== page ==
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State launches new bureau to combat child truancy, trauma

State launches new bureau to combat child truancy, trauma
Atty. Gen. Kamala D. Harris greets third-grade students after a news conference in the library at Malabar St. Elementary School in Los Angeles, where she discussed her report on elementary school truancy in the state. On Thursday, Harris announced a new Bureau of Children's Justice. (Mel Melcon / Los Angeles Times)

California officials will launch a new effort aimed at protecting children by combating student truancy, trauma, human trafficking and education discrimination.

In a letter issued to county officials Thursday, state Atty. Gen. Kamala D. Harris announced that the new Bureau of Children's Justice would particularly focus on foster youths.

Such youths are more likely to drop out, fail the high school exit exam, change schools and suffer from disabilities than their peers, research has shown. The state's revised school finance system has shifted more dollars to help those students.

Youths who have been in the foster care system also make up more than half of children involved in commercial sexual exploitation, according to the state Department of Justice.

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State officials said the Department of Justice's new children's bureau would expand work to combat elementary student truancy by Harris, who launched annual statewide reports on the problem three years ago. The state Department of Justice has launched a new program with UC Santa Barbara to develop pilot programs to improve attendance, although which school districts will participate has not yet been disclosed.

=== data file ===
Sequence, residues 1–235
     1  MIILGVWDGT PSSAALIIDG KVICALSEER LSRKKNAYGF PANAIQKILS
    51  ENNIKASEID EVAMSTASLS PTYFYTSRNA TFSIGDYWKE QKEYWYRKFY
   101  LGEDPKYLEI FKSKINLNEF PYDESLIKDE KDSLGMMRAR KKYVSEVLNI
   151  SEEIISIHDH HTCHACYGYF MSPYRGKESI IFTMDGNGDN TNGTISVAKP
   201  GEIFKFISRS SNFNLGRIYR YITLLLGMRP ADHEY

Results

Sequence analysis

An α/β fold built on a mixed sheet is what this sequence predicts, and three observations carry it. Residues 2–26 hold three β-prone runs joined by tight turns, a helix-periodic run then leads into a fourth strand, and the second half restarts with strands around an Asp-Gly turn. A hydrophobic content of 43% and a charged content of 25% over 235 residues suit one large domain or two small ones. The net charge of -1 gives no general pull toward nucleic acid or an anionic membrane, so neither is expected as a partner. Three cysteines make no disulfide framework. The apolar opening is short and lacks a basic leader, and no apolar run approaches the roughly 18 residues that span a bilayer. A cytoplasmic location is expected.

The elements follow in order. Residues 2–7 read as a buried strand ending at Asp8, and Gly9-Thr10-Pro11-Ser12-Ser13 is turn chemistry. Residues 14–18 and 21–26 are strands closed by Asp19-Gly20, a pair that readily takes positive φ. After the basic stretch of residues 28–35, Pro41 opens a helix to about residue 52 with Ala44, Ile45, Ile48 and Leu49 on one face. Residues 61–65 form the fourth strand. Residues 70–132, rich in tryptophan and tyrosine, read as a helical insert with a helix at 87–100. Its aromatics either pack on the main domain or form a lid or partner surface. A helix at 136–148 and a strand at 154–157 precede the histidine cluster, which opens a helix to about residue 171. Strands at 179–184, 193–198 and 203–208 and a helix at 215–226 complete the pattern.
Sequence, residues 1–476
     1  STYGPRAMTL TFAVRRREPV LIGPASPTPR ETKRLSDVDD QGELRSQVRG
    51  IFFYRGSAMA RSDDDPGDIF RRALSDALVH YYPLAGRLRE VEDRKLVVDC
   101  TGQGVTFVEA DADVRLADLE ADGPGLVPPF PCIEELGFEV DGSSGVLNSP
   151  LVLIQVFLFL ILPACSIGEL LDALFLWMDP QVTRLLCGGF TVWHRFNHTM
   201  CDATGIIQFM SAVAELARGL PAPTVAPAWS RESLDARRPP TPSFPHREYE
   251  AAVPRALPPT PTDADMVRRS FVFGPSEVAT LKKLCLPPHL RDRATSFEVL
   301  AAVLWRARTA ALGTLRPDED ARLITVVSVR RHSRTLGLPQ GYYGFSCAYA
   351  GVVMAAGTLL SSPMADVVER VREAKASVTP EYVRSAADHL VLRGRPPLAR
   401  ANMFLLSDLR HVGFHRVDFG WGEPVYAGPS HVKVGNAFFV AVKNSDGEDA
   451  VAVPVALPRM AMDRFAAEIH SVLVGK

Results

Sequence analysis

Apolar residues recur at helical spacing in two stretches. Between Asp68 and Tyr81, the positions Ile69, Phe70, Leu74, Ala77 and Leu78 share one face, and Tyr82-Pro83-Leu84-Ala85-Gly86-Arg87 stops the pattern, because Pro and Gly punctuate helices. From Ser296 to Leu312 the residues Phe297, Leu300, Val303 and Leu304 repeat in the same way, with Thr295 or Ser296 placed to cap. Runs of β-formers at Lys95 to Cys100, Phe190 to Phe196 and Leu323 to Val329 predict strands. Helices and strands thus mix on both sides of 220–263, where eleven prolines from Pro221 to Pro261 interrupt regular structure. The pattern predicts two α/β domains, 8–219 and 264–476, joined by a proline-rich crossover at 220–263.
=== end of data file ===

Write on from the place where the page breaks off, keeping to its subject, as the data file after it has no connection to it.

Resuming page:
Harris also announced Thursday that the state Department of Justice was one of three state agencies selected by the federal Department of Justice to examine the effect of trauma and violence on children, an area of growing public attention. Children exposed to trauma are more likely to commit suicide, abuse drugs and alcohol and struggle in school, according to various local and national studies. The national Defending Childhood initiative aims to better screen children for trauma and develop ways to address the problem.

State officials said the new children's bureau initially would be staffed by five criminal and civil rights attorneys, including two new positions, and legal experts on education, consumer protection, human trafficking and other areas.

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